Predictors of Potentially Inappropriate Use
No significant associations were observed between potentially inappropriate IV opioid administration and age, sex, or admitting service (Table 1). Patients with an ethnicity described as other, unknown, or declined were less likely to have potentially inappropriate use.
DISCUSSION AND CONCLUSIONS
In this cohort of medical and surgical inpatients, we found that almost one-third received at least one potentially inappropriate IV opioid administration during their hospitalization, and one-third of all IV opioid administrations were potentially inappropriate based on current recommendations defining the appropriate use of IV versus oral opioids. Although this is a single-center analysis, to our knowledge, this is the first study to ascertain the rate of potentially inappropriate IV opioid administration in hospitalized patients. Our findings suggest that quality improvement initiatives are necessary to promote more guideline-concordant care in this realm.
Several factors may contribute to overuse. Requests from patients for immediate pain relief may at times drive prescription of the IV formulation. In addition, patients may expect the IV formulation because of precedents from prior interactions with the healthcare system. Both of these situations may be opportunities for patient education about the equivalent bioavailability of oral and IV formulations in patients with a functioning GI tract, as well as the relatively small difference in rate of onset between the two routes of administration (generally 15-20 minutes). When a patient’s pain is well controlled with IV medications, physicians may also fail to recognize the need to transition to PO medications, further prolonging unnecessary use. Finally, in patients with multiple, complex, or deteriorating medical conditions, transitioning to oral opioids may be deprioritized for the sake of addressing more urgent medical concerns.
This study highlights the potential for transitioning more patients to oral opioids, which should be feasible in the inpatient setting, where pain needs can often be anticipated in advance and oral medications can be administered earlier to overcome the short delay in the onset of action between the oral and IV routes. Oral medications also have the advantage of a longer duration of effect, which may provide overall improved pain control. At our institution, a recent shortage of IV opioids (which occurred after the data collection period for this study) and subsequent efforts to limit IV opioid use (via computerized prompts and active pharmacist consultation) resulted in an immediate 50% reduction in the daily number of IV opioid administrations, further supporting our conclusion that there is an opportunity to decrease inappropriate use of IV opioids.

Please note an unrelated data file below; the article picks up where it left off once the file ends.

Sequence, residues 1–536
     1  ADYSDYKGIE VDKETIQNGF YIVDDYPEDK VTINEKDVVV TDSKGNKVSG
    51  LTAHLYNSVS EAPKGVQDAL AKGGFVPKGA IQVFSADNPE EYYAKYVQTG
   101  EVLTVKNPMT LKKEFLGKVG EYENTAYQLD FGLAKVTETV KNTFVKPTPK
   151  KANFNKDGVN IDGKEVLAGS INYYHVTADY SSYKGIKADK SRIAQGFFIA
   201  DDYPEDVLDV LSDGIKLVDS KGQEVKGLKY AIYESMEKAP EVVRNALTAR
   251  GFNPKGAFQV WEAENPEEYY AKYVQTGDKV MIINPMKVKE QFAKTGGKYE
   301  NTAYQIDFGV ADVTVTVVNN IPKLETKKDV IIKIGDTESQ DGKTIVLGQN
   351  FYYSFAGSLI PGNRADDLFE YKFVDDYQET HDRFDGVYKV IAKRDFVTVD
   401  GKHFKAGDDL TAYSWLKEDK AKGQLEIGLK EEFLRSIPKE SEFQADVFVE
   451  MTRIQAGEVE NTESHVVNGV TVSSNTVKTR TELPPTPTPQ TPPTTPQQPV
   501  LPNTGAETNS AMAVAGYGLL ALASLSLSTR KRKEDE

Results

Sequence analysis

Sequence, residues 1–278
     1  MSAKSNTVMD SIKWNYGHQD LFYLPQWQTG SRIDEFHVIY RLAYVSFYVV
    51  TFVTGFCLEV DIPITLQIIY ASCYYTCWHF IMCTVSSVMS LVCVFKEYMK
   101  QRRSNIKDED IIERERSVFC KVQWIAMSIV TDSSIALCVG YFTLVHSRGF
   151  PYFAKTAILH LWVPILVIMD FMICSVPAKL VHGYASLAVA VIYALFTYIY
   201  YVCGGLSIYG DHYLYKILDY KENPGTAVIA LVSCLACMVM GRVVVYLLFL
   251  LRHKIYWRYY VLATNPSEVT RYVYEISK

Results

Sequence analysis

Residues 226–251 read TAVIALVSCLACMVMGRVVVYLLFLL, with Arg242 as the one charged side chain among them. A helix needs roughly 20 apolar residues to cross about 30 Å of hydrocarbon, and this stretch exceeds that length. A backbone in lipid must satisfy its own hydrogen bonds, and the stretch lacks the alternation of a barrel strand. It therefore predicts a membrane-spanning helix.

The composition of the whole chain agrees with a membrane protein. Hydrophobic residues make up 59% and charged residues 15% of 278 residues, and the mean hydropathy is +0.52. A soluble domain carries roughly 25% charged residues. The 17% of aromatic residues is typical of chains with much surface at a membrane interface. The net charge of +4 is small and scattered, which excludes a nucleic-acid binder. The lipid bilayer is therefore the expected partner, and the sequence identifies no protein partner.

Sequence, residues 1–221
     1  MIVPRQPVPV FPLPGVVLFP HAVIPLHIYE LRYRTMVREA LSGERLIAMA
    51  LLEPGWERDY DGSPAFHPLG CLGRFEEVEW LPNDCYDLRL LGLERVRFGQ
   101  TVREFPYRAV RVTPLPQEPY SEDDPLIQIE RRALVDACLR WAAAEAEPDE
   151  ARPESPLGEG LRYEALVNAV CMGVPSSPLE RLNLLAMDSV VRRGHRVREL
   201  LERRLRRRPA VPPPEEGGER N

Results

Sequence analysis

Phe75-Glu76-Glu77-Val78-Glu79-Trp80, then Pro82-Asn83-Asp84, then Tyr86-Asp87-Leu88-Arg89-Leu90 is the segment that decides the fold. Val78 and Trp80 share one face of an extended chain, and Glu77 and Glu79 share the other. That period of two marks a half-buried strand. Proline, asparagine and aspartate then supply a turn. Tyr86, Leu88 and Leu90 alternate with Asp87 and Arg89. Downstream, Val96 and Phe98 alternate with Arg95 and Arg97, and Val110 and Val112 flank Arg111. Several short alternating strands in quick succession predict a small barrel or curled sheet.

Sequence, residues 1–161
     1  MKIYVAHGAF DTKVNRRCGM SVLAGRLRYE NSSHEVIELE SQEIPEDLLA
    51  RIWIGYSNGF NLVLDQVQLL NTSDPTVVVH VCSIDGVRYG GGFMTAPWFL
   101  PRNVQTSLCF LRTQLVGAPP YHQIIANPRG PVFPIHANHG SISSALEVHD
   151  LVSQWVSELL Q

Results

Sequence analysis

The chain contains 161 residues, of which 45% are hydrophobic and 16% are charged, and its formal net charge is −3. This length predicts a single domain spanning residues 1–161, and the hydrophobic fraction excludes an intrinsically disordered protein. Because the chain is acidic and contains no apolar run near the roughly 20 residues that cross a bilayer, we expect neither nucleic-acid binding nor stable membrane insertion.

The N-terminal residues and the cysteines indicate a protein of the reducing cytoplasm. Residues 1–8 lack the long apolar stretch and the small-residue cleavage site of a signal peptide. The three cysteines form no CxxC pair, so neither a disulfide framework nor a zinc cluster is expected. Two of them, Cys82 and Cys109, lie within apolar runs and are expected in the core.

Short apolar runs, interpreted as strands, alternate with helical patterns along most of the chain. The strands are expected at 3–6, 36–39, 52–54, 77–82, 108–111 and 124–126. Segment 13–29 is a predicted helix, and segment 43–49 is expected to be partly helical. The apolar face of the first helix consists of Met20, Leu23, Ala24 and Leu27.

There were no specific patient factors that contributed to potentially inappropriate use. Although the ethnicity category of other/unknown/declined was significantly less likely to receive opioids potentially inappropriately, given the heterogeneity of this group, it is difficult to draw conclusions on the clinical significance of this finding. Morphine was significantly more likely than other opioids to be administered inappropriately.
There are several limitations of this study. Because this was a retrospective review, our criteria for appropriate use may have resulted in some misclassification; as a result, we can comment only on potentially inappropriate use rather than on definitively inappropriate use. We attempted to use a conservative definition of appropriateness by automatically assuming all doses in the first 24 hours of administration to be appropriate, which could have resulted in underestimating potentially inappropriate use. Nonetheless, there may be instances in which a patient had suspected malabsorption that was not captured or a fluctuating ability to receive oral medications within a given 24-hour period (due to nausea, for example), resulting in outcome misclassification. In addition, we did not correlate findings with patient-reported pain scores. Because there is no clearly defined pain threshold at which IV opioids are indicated, we did not believe that would be useful in clarifying appropriate versus inappropriate use. That said, we believe that, most of the time, pain medications should be able to be titrated appropriately within 24 hours to avoid the need for immediate pain relief with IV opioids thereafter. Although there may be instances of patients who have breakthrough pain severe enough to require IV opioids despite adequate titration of oral medications, we believe this is likely to represent a small number of our population that received potentially inappropriate use. It is worth noting that even if we overestimated by 50%, such that the true rate of potentially inappropriate IV administrations is 15%, we believe this would still be a ripe target for quality improvement initiatives, given that tens of millions of hospitalized patients receive opioids each year in the United States.10 Finally, we were unable to quantify the number of providers involved in decision making for these patients, and the single-center nature and short time frame of the study limit generalizability; our analysis should be replicated at other hospitals.
In conclusion, in this sample of 200 medical and surgical hospitalizations receiving IV opioids at a large academic medical center, we identified potentially inappropriate IV administration in 31%, suggesting potential to improve value through improving prescribing practices.
None of the authors have conflicts to disclose.
Dr. Herzig is funded by grant number K23AG042459 from the National Institute on Aging and R01HS026215 from the Agency for Healthcare Research and Quality. The manuscript contents are solely the responsibility of the authors and do not necessarily represent the views of the funding organizations.